The Civil War was fought differently in Kansas and Missouri than the rest of the country. In Virginia, Maryland, and Tennessee, armies of thousands would face each other in great lines of battle. In the West, battles were more often skirmishes of less than a couple of hundred men. Guerrilla tactics, surprise attacks, and ambush were the tools of the day and southerners fought by the code of the feud. The population had mixed loyalties between North or South, which caused suspicion as to who was friend or foe. Adding to the confusion southern combatants often did not wear uniforms and sometimes dressed in federal jackets. It was in the early summer of 1864 that a young 16 year old Jesse James joined Bloody Bill Anderson’s Raiders under the command of William Quantrill to ride with his older brother Frank. On the afternoon of September 27th Anderson and about 80 of his men rode out of the federal town of Centralia, leaving behind death and destruction. Much of the town was on fire and 22 non-combatant federal soldiers had been killed. When Anderson and his men rejoined Captain George Todd’s cavalry unit back at camp, word spread of what had happened. Captain Todd chastised Anderson for what had been done. What they didn’t know was that the federals were already in pursuit. Federal Major A.V.E. Johnston commander of the 39th infantry were mounted and on the trail with about 155 troops. After viewing the destruction and death in Centralia the federal commander vowed revenge, and a black flag was carried by his column indicating no quarter was to be given by his men for any wounded or captured prisoners. Major Johnston’s column was soon discovered by Anderson’s rear guard scouts led by Dave Pool who galloped back to camp warning their brethren. Instantly the camp jumped into action as Anderson’s and Todd’s raiders readied for battle. As the rebels mounted their horses they formed into squads of ten to twenty men. Two miles from Centralia at the rise of a golden yellow hayfield the federals formed a line of battle on foot. Johnston’s men were infantry soldiers carrying long-barreled, muzzle loading Enfield rifles. Johnston ordered his men to fix bayonets. Frank James would later recount, “John Koger, a funny fellow in our ranks, watched the Yankees get down from their horses, and said: ‘Why, the fools are going to fight on foot! God help em.” Anderson riding his new mount, smiled and leaned over to Archie Clement and said, “Not a damned revolver in the crowd!” But actually commander Johnston stood next to his horse with a six shooter in his hand. The troopers dismounted their horses, checked their equipment, tighten their horse’s girths, and remounted pulling their pistols. At the command they moved forward in line, slowly at first. The line move toward the enemy at a walk, then to a trot up the hill. They heard the federal commander scream “ready aim fire!” Frank James said when they heard the enemy officer’s command, “We were lying behind our horses (necks), a trick that Comanche Indians practiced.” When the federals fired their rifles nearly all the shots went over their heads. But three raiders were hit. Two of them, Richard Kinney and Frank Shepherd were Frank’s best friends riding on either side of him. Shepherd was killed out right and fell from his horse. Kinney was shot and pulled back, although he was able to cling to his horse. He would die soon afterward. Several horses went down as well. The federal line only got off only one shot. At 200 yards Anderson shouted “Charge” and with a bloodcurdling rebel yell the line leaped into a thundering gallop. Frank continued, “On up the hill, almost in the twinkling of an eye we were on the Yankee line.” The federal line quickly broke and a wild panic of fighting and fleeing took place. During the fight Jesse engaged and killed Major Johnston the union commander. All the federals who stood their ground and fought were killed, including a number who ran away. Ten of the raiders were wounded, a number had been bayoneted, and three were killed. Describing the battle Frank James said, “We never met many Federal soldiers that would fight us on equal terms. They would either outnumber us or would run away.” The battle was Jesse’s first big victory. After the war, Jesse James and his brother Frank would become some of the most notorious outlaws of the West.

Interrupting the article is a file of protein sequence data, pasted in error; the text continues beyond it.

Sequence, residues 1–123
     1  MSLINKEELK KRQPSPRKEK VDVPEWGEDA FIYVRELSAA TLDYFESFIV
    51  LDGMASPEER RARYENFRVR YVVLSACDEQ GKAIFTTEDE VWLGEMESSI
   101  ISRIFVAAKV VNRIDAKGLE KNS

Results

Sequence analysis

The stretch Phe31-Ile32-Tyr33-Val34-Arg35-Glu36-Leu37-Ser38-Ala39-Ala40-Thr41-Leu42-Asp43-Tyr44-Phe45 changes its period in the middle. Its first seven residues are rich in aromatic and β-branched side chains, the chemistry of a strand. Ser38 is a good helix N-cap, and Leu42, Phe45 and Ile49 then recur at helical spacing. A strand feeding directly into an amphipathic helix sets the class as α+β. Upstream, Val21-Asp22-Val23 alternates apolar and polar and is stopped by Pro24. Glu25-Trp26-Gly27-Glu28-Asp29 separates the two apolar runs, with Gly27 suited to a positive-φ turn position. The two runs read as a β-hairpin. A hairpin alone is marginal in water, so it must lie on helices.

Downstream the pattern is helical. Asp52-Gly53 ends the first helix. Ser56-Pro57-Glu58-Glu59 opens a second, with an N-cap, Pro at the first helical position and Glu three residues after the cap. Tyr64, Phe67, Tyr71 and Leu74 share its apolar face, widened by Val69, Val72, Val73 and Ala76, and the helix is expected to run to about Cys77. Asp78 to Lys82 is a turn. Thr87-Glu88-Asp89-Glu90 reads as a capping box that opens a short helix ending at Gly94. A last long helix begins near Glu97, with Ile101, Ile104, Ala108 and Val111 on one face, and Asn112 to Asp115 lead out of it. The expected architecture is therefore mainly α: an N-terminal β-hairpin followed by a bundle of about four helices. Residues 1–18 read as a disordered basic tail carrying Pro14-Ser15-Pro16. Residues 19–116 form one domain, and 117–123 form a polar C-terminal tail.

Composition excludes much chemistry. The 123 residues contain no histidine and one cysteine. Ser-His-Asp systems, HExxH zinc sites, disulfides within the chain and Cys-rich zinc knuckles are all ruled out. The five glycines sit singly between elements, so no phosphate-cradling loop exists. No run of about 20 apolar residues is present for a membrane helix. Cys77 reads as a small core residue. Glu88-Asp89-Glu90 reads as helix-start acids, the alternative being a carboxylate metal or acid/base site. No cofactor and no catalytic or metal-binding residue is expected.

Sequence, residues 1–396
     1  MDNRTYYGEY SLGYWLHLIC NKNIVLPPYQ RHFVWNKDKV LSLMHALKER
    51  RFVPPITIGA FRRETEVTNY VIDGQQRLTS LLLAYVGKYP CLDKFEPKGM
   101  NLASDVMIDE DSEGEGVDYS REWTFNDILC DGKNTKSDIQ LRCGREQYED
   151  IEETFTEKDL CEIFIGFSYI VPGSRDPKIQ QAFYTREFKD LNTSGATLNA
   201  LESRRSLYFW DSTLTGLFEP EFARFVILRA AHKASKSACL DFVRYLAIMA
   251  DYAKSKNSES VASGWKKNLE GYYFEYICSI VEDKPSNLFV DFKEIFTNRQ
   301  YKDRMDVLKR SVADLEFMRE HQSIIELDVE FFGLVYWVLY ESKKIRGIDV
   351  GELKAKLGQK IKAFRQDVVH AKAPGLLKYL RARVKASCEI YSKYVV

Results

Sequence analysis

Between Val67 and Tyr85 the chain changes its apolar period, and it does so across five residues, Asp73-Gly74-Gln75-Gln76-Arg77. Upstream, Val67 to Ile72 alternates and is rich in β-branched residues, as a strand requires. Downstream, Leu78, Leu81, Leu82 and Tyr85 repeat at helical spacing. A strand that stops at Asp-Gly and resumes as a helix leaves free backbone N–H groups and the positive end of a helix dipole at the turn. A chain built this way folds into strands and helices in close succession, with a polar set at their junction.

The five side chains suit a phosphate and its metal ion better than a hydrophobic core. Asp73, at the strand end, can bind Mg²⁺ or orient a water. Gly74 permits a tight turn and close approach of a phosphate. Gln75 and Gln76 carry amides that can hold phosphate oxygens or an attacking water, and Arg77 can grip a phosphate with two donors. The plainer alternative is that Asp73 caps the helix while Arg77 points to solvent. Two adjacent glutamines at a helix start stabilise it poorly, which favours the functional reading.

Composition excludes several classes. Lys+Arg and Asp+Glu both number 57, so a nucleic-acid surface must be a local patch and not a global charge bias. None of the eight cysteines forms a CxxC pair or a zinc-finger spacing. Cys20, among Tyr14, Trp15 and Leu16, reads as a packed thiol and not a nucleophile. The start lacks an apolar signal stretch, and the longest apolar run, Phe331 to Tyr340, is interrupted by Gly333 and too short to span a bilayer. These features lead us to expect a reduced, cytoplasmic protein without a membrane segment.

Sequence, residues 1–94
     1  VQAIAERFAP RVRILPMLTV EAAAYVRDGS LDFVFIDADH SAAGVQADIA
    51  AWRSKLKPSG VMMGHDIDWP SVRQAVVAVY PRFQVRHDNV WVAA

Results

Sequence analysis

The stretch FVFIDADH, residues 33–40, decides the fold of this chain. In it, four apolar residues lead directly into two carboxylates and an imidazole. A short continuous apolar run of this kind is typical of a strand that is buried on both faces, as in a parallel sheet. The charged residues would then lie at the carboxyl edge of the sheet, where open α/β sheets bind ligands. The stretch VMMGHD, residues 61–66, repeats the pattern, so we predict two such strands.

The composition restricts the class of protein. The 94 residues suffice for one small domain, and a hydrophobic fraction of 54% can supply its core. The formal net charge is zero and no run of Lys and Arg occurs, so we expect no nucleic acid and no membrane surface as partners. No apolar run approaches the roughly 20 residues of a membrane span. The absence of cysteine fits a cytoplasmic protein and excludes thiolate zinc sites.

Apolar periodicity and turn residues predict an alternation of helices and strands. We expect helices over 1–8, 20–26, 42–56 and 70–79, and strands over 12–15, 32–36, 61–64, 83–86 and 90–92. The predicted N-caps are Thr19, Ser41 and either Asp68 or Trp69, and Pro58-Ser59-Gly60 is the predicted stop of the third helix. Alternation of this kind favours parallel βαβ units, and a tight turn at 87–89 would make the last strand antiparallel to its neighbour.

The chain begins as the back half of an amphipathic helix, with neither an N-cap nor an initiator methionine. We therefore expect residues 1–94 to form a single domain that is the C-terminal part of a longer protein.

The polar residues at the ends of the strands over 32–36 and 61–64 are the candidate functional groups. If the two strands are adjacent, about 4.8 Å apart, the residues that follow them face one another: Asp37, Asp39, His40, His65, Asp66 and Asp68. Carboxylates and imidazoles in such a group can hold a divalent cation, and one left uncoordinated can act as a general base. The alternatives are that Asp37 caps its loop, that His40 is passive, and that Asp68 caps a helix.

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For information or online orders:

www.johnpaulstrain.com